The present study examines dipolarization events observed by the Van Allen Probes within 5.8 RE from Earth. It is found that the probability of occurrence is significantly higher in the dusk-to-midnight sector than in the midnight-to-dawn sector, and it deceases sharply earthward. A comparison with observations made at nearby satellites shows that dipolarization signatures are often highly correlated (c.c. > 0.8) within 1 hr in MLT and 1 RE in RXY, and the dipolarization region expands earthward and westward in the dusk-to-midnight sector. The westward expansion velocity is estimated at 0.4 hr (in MLT) per minute, or 60 km/s, which is consistent with the previously reported result for geosynchronous dipolarization. The earthward expansion is apparently less systematic than the westward expansion. Its velocity is estimated at 50 km/s (0.5 RE/min), comparable to the westward expansion velocity, but it is suggested that the earthward expansion slows down as the dipolarization region approaches Earth, and it eventually stops. This idea is consistent with the earthward reduction of the occurrence probability of dipolarization events. Whereas this earthward expansion is difficult to explain with the conventional wedge current system, it may be understood in terms of a current system with two wedges, one with the R1 polarity outside and the other with the R2 polarity closer to Earth. For such a current system the region of dipolarization is confined in radial distance between the two wedge currents, and it is considered to expand earthward as the R2-sense wedge moves earthward along with injected plasma.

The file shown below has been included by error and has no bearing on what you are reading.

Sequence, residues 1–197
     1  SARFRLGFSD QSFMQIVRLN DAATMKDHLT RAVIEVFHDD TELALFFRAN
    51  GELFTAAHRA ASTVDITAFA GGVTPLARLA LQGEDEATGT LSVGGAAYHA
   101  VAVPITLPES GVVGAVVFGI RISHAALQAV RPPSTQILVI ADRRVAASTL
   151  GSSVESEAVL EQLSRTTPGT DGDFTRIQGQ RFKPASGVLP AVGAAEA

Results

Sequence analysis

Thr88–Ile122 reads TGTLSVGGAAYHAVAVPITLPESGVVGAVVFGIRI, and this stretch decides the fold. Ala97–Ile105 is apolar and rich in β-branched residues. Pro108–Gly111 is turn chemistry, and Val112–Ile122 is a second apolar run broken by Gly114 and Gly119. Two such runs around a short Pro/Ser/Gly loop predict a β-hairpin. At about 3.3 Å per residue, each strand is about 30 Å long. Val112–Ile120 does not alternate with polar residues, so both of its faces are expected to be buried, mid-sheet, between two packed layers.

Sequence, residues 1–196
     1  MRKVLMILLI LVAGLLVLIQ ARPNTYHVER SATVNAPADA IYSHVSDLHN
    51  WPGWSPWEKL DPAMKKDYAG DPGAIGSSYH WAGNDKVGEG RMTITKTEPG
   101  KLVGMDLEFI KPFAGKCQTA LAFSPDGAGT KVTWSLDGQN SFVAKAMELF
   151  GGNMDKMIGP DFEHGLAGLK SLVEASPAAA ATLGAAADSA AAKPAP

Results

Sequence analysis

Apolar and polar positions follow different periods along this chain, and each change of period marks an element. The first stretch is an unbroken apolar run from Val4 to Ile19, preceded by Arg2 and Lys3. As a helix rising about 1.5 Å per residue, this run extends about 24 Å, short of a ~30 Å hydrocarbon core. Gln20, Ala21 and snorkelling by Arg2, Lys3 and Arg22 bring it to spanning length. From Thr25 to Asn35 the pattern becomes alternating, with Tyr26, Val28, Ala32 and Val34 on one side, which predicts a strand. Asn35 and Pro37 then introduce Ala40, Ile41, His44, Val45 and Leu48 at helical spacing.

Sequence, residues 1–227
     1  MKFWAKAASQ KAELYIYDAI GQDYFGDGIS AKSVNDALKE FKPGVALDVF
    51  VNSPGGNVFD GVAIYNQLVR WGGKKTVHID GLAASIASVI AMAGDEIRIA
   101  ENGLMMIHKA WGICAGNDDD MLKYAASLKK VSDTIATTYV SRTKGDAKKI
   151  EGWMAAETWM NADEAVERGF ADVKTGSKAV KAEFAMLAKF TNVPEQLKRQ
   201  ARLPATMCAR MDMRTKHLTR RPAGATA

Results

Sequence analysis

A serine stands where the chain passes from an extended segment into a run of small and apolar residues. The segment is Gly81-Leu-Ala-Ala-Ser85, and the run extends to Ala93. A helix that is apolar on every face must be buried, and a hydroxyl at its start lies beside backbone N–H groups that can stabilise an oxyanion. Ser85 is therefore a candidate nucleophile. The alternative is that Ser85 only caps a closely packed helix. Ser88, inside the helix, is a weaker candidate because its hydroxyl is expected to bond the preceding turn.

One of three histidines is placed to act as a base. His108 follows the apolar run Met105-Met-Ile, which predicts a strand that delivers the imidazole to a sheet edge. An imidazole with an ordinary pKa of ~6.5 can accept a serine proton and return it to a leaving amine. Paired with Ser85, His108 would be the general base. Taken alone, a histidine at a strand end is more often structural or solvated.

Ohtani, S.; Motoba, T.; Gkioulidou, M.; Takahashi, K.; Singer, H.;

Published by: Journal of Geophysical Research: Space Physics      Published on: 06/2018

YEAR: 2018     DOI: 10.1029/2018JA025443

Dipolarization; injection; inner magnetosphere; R1 and R2 currents; substorm current wedge; substorms; Van Allen Probes


Three-dimensional current systems and ionospheric effects associated with small dipolarisation fronts